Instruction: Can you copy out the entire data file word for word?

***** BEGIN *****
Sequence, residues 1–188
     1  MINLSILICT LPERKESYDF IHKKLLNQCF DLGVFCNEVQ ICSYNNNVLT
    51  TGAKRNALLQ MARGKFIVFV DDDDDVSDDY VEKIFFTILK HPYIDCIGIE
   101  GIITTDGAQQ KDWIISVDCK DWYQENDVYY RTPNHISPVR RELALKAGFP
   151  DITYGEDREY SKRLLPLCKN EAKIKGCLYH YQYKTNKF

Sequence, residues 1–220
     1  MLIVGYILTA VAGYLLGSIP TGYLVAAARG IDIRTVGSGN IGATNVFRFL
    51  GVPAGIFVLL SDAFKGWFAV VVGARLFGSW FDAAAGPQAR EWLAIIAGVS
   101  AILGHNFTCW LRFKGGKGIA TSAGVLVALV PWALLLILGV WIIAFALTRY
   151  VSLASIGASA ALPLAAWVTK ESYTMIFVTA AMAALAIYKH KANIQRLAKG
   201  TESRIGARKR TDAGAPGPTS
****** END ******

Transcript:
Sequence, residues 1–188
     1  MINLSILICT LPERKESYDF IHKKLLNQCF DLGVFCNEVQ ICSYNNNVLT
    51  TGAKRNALLQ MARGKFIVFV DDDDDVSDDY VEKIFFTILK HPYIDCIGIE
   101  GIITTDGAQQ KDWIISVDCK DWYQENDVYY RTPNHISPVR RELALKAGFP
   151  DITYGEDREY SKRLLPLCKN EAKIKGCLYH YQYKTNKF

Sequence, residues 1–220
     1  MLIVGYILTA VAGYLLGSIP TGYLVAAARG IDIRTVGSGN IGATNVFRFL
    51  GVPAGIFVLL SDAFKGWFAV VVGARLFGSW FDAAAGPQAR EWLAIIAGVS
   101  AILGHNFTCW LRFKGGKGIA TSAGVLVALV PWALLLILGV WIIAFALTRY
   151  VSLASIGASA ALPLAAWVTK ESYTMIFVTA AMAALAIYKH KANIQRLAKG
   201  TESRIGARKR TDAGAPGPTS